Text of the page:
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Could being tall one day be as easy as ordering the right gene for our children? That could become a reality sometime in the future, due to scientists` unlocking of humans genes. This may eventually allow anyone who wants to get taller, to reach their goals.
Scientists learned of a particular gene, HMGA2, which influences whether someone is taller or shorter. In their study, those people who had two duplicates of the "tall" variety of HMGA2 were a maximum of one centimeter taller than those people who had two duplicates of the "short" variety.
While this scientific breakthrough could eventually allow people to control how tall their children will be, another important result could occur. Scientists have revealed that this important discovery could allow us to better comprehend how height and diseases are connected.
Although the discovery of the HMGA2 was groundbreaking, it was just the beginning of scientists` quest to unlock the genetic secrets about which genes impact how tall or short a person will be—and thus impact one`s ability to get taller.
Prior to the discovery of HMGA2, scientists knew that along with one`s environment, genes certainly influenced a person`s height. However, after discovering this gene, they had reached a milestone in determining every "tall" gene in humans.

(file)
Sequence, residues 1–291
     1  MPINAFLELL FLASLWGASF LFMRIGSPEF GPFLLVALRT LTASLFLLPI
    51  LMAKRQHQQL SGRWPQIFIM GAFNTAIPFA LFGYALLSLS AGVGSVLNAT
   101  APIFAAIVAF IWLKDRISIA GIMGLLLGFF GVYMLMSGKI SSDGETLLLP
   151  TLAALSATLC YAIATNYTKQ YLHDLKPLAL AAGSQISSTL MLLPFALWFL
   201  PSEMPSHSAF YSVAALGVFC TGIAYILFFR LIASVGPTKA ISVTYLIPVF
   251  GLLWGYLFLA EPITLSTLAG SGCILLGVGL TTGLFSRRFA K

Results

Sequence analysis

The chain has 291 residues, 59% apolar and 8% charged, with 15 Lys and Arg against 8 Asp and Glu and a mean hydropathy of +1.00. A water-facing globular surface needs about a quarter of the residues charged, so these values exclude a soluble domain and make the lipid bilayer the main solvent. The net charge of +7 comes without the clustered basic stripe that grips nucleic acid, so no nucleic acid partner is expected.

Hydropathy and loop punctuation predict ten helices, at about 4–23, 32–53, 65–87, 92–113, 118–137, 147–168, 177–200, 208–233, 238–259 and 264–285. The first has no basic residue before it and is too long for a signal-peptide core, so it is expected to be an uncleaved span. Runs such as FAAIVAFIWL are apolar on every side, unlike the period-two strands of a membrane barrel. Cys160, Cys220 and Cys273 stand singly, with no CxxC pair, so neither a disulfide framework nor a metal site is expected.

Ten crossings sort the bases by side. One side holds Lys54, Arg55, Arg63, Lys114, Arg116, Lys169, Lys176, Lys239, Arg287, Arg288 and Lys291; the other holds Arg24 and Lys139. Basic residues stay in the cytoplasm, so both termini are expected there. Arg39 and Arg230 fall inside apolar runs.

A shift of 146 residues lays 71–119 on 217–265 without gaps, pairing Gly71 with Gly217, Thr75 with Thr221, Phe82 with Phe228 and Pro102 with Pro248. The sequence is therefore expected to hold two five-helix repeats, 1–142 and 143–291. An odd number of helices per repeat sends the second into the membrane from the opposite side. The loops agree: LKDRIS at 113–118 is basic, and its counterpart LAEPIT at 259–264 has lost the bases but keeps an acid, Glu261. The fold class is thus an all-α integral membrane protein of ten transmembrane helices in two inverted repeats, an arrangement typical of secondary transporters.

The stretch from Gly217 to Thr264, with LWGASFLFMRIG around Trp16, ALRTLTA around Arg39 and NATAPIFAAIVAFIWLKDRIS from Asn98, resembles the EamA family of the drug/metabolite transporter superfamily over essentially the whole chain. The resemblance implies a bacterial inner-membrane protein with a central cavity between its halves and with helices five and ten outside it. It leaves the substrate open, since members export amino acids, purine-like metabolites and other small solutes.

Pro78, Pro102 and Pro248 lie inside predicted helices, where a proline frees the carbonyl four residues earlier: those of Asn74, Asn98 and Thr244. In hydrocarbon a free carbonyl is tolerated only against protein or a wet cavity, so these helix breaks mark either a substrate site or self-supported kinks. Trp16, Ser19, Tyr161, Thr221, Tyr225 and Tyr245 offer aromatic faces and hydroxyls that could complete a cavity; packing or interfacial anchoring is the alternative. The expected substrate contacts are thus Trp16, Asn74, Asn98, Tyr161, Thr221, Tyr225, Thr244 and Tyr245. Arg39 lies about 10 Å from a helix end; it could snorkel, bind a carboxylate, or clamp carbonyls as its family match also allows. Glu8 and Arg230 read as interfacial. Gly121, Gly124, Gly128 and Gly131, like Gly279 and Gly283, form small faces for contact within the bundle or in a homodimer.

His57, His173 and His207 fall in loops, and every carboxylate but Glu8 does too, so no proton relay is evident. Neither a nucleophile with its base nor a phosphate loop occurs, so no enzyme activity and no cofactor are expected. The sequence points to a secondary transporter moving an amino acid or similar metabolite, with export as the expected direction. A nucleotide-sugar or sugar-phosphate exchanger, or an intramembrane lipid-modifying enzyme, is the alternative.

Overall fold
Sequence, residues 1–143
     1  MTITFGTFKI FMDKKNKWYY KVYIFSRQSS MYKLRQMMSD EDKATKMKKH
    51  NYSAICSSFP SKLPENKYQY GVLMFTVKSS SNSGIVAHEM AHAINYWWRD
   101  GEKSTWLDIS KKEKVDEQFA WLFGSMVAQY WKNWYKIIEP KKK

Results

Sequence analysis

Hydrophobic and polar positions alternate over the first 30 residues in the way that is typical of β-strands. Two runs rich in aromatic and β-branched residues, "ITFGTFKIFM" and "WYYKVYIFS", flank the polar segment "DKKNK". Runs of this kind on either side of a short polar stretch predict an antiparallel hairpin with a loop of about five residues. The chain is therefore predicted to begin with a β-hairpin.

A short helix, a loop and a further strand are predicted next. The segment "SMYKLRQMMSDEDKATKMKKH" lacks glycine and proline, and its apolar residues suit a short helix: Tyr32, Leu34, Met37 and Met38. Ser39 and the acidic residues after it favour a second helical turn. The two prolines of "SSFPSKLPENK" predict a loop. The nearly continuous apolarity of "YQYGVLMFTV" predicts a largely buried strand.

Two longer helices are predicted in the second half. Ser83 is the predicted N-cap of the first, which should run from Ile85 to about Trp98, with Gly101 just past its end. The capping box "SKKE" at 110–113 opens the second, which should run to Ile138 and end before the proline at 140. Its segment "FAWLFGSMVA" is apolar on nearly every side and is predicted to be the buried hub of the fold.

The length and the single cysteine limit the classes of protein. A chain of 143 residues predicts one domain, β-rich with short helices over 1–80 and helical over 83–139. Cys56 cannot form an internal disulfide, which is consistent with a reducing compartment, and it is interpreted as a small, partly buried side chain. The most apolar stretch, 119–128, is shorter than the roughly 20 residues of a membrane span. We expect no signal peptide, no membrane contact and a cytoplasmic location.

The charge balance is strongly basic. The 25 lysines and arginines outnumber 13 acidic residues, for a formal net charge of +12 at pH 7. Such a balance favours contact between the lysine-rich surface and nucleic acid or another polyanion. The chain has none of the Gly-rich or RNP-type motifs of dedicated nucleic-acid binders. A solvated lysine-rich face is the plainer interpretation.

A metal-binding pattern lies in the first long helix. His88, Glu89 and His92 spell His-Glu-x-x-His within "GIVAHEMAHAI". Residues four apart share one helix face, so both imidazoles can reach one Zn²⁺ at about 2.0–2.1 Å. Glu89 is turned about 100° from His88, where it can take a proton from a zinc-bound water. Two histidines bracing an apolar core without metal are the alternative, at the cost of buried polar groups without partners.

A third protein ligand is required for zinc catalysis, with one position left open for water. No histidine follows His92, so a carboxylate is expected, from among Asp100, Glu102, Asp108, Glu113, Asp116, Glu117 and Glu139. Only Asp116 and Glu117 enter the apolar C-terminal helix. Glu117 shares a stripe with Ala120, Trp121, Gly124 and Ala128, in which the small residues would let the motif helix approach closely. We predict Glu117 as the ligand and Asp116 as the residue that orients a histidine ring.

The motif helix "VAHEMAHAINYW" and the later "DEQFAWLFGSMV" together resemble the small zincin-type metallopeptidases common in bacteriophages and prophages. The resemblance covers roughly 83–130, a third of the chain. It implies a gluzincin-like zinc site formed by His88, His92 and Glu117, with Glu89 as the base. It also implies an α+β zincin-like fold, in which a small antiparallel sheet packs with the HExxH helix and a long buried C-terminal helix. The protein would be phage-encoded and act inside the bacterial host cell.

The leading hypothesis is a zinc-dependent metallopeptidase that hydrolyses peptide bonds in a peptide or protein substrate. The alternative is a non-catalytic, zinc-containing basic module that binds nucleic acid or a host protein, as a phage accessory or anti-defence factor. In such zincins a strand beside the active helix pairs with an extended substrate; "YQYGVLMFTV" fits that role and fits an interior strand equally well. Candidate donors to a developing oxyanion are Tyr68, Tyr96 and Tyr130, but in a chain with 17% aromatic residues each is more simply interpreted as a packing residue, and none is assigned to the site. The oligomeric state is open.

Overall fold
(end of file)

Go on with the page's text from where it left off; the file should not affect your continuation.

The study involved Harvard and Oxford universities, a medical school in Exeter and a children`s hospital in Boston. The participants in the study included thousands of European patients who donated DNA samples and information about their personal height and weight. By examining the DNA samples, scientists learned that even a basic alteration in the HMBGA2 gene influenced if one would get taller or shorter. The scientists verified their finding by finding identical two varieties of the gene in additional 30,000 participants.
Following the conclusion of the experiment, the scientist determined that about a quarter of the participants had two duplicates of the "tall" form of the HMBGA2 gene. Meanwhile, roughly the same amount had two duplicates of the short form of the gene. This caused the scientists to determine that the gene played a major role in determining how short or tall a person would become. Changes in the gene caused the same effect in humans as it did in the tiny animals.
However, it`s important to note if your mission is to get taller, that height is type of trait classified as "polygenic." This means that several genes influence whether a person will be short or tall. Uncovering these genes will help researchers to unlock the mysteries of tallness in humans.
Besides helping to explain why some people get taller than others, scientists hope to also learn the link between height and the danger of obtaining certain diseases. In general, it seems that it is more probable for taller people to acquire certain types of cancer, while shorter people typically are less likely to obtain heart disease.
Perhaps one day parents will be capable of influencing the height of their future children, based on certain "tall" genes. Until then, scientists will continue to uncover such designer genes.